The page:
In the present exemplary embodiment, whole leafy vegetable heads with core are harvested and transported to the processing plant for processing. The leafy vegetables can be cooled and staged for processing in the processing plant. When the leafy vegetables are ready to be processed, the leafy vegetables are loaded onto first conveyor 108 in load area 102. After portions of the core ends and leafy ends of the leafy vegetables are trimmed in trim area 104, and spray rinsed with a rinsing liquid, the trimmed leafy vegetables can be further processed in the processing plant. For example, the trimmed leafy vegetables can be further cut in cutting area 902, washed and dried in wash area 904, dry area 906, then packaged for market in packaging area 908.

The foregoing descriptions of specific embodiments have been presented for purposes of illustration and description. They are not intended to be exhaustive or to limit the invention to the precise forms disclosed, and it should be understood that many modifications and variations are possible in light of the above teaching.

Claims

1-25. (canceled)

26. A mechanical method of processing a leafy vegetable after being harvested, the leafy vegetable having a core end and a leafy end, the method comprising:

transporting the leafy vegetable to a trim area using a conveyor;
trimming a portion of the core end using a first cutting implement; and
trimming a portion of the leafy end using a second cutting implement, wherein the first and second cutting implements are spaced a set distance apart, and wherein the set distance defines an amount of the leafy vegetable remaining after the portions of the core and leafy ends are trimmed; and
while the portions of the core and leafy ends of the leafy vegetable are being trimmed, spraying a rinsing liquid on cut sites on the portions of the core and leafy ends of the leafy vegetable being trimmed to rinse off natural juices exuding from the cut sites.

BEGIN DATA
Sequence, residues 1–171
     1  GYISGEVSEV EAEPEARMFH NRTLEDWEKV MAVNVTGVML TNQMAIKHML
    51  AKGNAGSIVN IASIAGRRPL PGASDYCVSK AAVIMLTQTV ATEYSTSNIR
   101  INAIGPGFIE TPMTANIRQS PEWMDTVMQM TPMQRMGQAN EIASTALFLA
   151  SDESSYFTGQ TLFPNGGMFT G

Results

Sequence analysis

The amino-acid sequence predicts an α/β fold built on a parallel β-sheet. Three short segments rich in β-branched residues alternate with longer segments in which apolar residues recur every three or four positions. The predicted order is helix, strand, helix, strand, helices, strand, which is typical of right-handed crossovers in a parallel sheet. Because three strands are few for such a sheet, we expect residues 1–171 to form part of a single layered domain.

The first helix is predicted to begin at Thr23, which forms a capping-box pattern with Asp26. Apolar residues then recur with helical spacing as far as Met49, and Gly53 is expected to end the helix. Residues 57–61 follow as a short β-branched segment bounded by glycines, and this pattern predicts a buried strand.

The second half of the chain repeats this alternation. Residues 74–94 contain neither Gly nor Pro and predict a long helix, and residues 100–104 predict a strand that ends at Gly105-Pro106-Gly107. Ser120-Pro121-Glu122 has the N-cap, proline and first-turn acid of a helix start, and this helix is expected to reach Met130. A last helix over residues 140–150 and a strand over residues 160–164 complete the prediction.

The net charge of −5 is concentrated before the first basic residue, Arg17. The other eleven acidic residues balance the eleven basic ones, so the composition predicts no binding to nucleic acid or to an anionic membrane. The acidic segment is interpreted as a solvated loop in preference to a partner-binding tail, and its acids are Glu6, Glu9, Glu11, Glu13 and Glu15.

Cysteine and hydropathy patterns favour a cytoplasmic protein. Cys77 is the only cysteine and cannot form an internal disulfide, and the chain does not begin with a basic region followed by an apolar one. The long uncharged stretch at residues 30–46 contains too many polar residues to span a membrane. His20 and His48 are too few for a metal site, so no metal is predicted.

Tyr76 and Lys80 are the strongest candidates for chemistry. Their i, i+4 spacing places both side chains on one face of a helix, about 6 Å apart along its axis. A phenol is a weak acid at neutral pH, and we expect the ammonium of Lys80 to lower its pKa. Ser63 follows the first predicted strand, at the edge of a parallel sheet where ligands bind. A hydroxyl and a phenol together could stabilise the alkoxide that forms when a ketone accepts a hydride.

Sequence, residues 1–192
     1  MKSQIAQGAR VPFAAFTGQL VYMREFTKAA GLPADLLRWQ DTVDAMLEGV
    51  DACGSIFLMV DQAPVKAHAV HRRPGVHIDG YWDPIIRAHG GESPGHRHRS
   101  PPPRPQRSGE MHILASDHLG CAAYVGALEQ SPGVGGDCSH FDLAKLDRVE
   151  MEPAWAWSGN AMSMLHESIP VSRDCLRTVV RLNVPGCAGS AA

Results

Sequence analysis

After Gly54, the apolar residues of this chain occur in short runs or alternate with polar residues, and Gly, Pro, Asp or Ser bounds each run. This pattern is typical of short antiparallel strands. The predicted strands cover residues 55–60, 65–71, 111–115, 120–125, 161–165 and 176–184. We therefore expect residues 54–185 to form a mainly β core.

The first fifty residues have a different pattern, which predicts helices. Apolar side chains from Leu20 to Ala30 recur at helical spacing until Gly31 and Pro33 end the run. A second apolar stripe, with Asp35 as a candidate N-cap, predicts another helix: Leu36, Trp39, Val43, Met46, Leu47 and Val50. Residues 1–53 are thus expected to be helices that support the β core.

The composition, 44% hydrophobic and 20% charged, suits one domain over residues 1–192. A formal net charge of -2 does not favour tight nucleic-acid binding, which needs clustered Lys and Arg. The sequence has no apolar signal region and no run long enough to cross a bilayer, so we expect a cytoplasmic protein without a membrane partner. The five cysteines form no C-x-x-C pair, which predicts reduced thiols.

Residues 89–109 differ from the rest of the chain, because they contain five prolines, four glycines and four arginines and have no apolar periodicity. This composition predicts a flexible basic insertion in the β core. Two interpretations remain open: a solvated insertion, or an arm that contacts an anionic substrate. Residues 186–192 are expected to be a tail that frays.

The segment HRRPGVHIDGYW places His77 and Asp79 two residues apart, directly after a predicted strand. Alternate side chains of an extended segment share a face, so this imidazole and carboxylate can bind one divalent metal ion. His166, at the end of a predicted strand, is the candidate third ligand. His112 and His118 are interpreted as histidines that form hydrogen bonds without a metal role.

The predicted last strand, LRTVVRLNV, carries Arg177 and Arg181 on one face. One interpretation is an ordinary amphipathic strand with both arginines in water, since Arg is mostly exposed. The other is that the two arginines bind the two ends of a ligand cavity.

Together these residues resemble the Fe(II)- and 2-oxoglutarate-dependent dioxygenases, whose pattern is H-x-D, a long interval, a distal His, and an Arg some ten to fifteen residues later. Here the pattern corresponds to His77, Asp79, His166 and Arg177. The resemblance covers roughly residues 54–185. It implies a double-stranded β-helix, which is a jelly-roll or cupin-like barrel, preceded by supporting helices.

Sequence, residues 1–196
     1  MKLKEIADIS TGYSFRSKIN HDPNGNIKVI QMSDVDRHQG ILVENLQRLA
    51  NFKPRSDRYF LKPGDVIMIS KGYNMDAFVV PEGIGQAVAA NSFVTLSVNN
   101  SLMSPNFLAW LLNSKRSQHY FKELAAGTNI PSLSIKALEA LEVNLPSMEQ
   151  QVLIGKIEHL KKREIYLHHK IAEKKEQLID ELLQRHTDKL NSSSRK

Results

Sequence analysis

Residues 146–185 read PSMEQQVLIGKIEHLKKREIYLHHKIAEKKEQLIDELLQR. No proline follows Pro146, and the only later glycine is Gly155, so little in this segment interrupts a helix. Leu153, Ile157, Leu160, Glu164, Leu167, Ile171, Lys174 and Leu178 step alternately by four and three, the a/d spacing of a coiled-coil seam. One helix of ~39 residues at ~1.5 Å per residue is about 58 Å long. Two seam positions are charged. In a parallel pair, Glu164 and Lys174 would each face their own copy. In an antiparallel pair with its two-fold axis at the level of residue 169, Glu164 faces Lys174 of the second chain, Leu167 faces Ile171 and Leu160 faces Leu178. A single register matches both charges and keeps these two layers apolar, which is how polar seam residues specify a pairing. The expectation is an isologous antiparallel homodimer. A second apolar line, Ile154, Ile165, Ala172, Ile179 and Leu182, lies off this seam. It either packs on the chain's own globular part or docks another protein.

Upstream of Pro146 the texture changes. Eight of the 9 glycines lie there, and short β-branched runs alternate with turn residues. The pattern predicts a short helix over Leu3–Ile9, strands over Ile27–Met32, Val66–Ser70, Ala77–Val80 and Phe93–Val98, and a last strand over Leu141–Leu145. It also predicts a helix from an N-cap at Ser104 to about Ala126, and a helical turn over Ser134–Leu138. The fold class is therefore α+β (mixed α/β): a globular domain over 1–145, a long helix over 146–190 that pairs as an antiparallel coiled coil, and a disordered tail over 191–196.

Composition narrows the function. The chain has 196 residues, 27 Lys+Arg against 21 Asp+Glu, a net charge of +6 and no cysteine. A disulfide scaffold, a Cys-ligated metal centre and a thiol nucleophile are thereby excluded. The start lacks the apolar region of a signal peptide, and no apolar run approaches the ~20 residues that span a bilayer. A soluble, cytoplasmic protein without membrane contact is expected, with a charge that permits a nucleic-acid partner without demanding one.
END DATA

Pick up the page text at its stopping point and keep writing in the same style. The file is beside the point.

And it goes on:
27. The method of claim 26, further comprising:

spraying the rinsing liquid on the first and second cutting implements as the portions of the core and leafy ends are trimmed by the first and second cutting implements.

28. The method of claim 26, wherein the portions of the core and leafy ends are simultaneously trimmed using the first and second cutting implements.

29. The method of claim 26, wherein the rinsing liquid is simultaneously sprayed on cut sites on the portions of the core and leafy ends as the portions of the core and leafy ends are being trimmed by the first and second cutting implements.

30. The method of claim 26, further comprising:

after the portions of the core and leafy ends of the leafy vegetable have been trimmed, transporting the leafy vegetable to a post-trim area; and
spraying rinsing liquid on the cut sites in the post-trim area.

31. The method of claim 26, wherein the leafy vegetable is transported between cleats disposed on the conveyor.

32. The method of claim 26, wherein the conveyor and the first and second cutting implements are attached to a frame, and further comprising:

moving the frame through a field where leafy vegetables are harvested; and
after harvesting a leafy vegetable from the field, loading the leafy vegetable onto the conveyor.

33. The method of claim 26, wherein the conveyor and the first and second cutting implements are integrated into a processing line, and further comprising:

after trimming the portions of the core and leafy ends of the leafy vegetable, cutting the remaining portions of the leafy vegetable in a cut area of the processing line;
washing and drying the cut portions of the leafy vegetable in a wash and dry area of the processing line; and
packaged for market the washed and dried portions of the leafy vegetable in a packaging area of the processing line.
Patent History
Publication number: 20090274809
Type: Application
Filed: Jul 13, 2009
Publication Date: Nov 5, 2009
Patent Grant number: 7763299
Applicant: Dole Fresh Vegetables, Inc. (Salinas, CA)
Inventors: Narayan Dnyanadeo PATIL (King City, CA), Serafin Albarran (Salinas, CA), William Christopher Johnson (Yuma, AZ)
Application Number: 12/501,791
Classifications
Current U.S. Class: Packaging Or Treatment Of Packaged Product (426/392); Treatment With Aqueous Material, E.g., Hydration, Etc. (426/506)
International Classification: A23L 1/212 (20060101); A23L 1/015 (20060101); B65B 25/04 (20060101);